The Savior of Port St. Lucie
Johan Santana has yet to throw a pitch for the Mets, but his arrival in camp has lifted the gloom from last season's historic collapse and given New York a reason to believe again
Posted: Tuesday February 19, 2008 9:19AM; Updated: Tuesday February 19, 2008 9:23AM
After the worst week of the worst month in the history of the New York Mets, assistant general manager John Ricco decided it was time for some group therapy. The 39-year-old Ricco is one of those young baseball executives trained to read contracts and prepare arbitration cases. But he also took enough psychology classes at Villanova to know about the different ways people cope with loss.
So, after the Mets blew a seven-game lead with 17 to play last September, Ricco composed a memo for his devastated front-office colleagues entitled "The Five Stages of Grief." With the help of a Google search Ricco typed a description of each stage -- denial, anger, depression, bargaining and acceptance. Then he provided an amateur psychoanalysis of each of his fellow workers, specifying which were stuck in denial and which had moved on to anger, depression or bargaining.
To most Mets executives the memo was artful jest, designed to lighten the mood at a difficult time. But to Jeff Wilpon, the Mets' chief operating officer and the son of principal owner Fred Wilpon, it would prove to be a useful document during a long and therapeutic off-season. Wilpon kept it tucked inside his desk, and he would pull it out to scribble notes in the margins or update the emotional state of his staff.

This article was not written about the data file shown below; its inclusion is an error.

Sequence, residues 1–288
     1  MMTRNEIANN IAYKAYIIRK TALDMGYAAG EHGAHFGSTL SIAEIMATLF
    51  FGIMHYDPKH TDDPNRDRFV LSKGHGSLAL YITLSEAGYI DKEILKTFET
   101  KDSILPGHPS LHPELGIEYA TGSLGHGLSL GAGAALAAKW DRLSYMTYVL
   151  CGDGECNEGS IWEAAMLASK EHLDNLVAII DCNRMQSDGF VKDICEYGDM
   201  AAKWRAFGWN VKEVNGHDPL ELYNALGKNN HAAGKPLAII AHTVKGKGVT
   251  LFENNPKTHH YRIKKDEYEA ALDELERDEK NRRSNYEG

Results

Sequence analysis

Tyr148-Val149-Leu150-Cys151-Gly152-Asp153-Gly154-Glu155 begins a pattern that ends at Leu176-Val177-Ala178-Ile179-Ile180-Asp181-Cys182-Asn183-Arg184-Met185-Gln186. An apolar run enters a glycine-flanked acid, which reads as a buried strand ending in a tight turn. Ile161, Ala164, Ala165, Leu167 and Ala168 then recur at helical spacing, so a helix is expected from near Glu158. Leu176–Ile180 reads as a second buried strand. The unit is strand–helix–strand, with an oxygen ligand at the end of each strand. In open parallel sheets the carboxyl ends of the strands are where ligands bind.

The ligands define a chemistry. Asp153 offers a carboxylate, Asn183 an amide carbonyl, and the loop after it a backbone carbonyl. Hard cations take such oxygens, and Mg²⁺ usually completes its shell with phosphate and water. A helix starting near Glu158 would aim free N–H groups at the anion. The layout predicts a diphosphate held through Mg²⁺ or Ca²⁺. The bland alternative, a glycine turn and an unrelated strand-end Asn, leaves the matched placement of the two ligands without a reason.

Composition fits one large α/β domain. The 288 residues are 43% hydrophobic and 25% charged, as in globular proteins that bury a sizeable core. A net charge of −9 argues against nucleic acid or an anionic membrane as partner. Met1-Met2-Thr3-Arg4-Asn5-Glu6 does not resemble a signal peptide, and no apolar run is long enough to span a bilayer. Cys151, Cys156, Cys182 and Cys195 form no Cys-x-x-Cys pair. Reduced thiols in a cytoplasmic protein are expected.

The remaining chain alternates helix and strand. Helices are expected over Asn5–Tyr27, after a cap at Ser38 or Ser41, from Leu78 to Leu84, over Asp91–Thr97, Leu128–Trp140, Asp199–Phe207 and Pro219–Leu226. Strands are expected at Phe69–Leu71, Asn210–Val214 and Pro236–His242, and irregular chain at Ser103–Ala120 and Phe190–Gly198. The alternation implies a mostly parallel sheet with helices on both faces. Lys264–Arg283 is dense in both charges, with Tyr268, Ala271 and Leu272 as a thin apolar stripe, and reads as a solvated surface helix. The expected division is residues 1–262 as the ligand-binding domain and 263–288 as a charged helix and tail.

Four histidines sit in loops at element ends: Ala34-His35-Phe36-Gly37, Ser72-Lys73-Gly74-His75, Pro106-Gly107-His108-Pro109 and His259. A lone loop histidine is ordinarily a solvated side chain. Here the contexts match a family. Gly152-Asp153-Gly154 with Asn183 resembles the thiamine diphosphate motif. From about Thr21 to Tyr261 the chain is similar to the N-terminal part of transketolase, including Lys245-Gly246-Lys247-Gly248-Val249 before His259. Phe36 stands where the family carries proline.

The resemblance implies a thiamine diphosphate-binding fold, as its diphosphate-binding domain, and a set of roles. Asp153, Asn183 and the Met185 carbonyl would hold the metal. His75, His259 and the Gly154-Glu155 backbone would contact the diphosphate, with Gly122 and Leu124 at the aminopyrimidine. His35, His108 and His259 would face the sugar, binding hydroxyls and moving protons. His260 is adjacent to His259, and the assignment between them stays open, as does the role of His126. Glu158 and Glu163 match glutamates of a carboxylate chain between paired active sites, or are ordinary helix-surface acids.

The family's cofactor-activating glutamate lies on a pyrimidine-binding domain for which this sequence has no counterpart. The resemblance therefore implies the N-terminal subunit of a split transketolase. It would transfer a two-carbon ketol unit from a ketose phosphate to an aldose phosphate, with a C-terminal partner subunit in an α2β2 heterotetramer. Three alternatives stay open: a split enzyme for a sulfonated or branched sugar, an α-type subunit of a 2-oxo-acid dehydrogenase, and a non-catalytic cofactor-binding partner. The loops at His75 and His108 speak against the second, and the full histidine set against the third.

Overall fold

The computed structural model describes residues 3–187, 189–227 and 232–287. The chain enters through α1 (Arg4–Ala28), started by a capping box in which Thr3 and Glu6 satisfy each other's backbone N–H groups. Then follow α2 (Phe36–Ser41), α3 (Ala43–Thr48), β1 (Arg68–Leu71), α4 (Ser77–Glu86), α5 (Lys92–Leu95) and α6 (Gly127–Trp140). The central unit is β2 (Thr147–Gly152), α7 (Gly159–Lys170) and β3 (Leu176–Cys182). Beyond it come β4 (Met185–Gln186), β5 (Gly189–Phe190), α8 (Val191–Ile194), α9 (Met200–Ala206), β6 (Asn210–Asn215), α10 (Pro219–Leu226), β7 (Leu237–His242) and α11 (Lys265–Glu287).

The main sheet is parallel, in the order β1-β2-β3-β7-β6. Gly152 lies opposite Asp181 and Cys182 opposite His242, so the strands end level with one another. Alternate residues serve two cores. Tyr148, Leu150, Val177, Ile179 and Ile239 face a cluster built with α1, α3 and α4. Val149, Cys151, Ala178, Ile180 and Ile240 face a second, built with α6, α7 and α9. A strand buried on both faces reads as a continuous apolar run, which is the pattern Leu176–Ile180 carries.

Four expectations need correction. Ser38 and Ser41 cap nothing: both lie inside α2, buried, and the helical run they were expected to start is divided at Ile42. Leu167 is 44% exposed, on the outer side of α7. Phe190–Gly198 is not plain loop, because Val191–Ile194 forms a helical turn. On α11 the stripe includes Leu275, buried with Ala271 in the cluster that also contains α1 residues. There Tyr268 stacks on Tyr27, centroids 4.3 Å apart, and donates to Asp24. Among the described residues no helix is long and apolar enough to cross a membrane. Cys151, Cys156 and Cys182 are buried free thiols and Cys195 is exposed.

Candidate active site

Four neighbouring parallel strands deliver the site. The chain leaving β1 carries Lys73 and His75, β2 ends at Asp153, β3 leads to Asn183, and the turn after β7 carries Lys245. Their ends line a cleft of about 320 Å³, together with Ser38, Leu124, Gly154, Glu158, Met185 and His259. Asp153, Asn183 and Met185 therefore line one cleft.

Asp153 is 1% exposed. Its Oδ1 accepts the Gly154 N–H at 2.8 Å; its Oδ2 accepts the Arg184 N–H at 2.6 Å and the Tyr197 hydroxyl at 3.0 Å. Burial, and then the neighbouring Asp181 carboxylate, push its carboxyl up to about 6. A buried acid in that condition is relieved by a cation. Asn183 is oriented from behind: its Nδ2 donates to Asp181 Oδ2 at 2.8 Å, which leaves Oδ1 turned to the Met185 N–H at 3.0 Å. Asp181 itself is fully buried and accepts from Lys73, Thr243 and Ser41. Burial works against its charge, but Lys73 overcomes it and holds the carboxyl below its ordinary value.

The memo stayed in Wilpon's desk until Feb. 7, the day after the Mets' introductory press conference for 28-year-old lefthander Johan Santana, whom they acquired from the Minnesota Twins for four prospects and signed to a six-year, $137.5 million contract. To celebrate, Wilpon marched into Ricco's office at Shea Stadium with the memo and said, "You can take this back now. We're moving on. We are starting the five stages of redemption."
Santana, a two-time AL Cy Young Award winner, believes he's coming to New York to headline the Mets starting rotation, ease the burden on their bullpen and hoist the team to its first world championship since 1986. And while all that is true, he was also acquired for another, equally significant reason -- to help the organization move past its historic collapse and ensure that nothing like it ever happens again. "It's like we were on the Titanic and he is our lifeboat," says Mets pitching coach Rick Peterson. "Someone is coming who can rejuvenate us, who can help us heal."
Santana's spring training entrance was inconspicuous by New York standards. When he arrived at the Mets' complex in Port St. Lucie, Fla., on Feb. 13, there was practically no one there to greet him. A tropical storm was soaking the grounds. Most of the players -- and all of the catchers -- were gone for the day. But Santana wanted to work, so Randy Niemann, the rehabilitation pitching coordinator, grabbed a catcher's mitt. Peterson found a dry mound that had been covered by a tarp, and for 15 minutes, as Santana's father, Jesus, napped in his car, the Mets' new ace threw in the rain. "That wasn't rain," Peterson says. "It was healing water."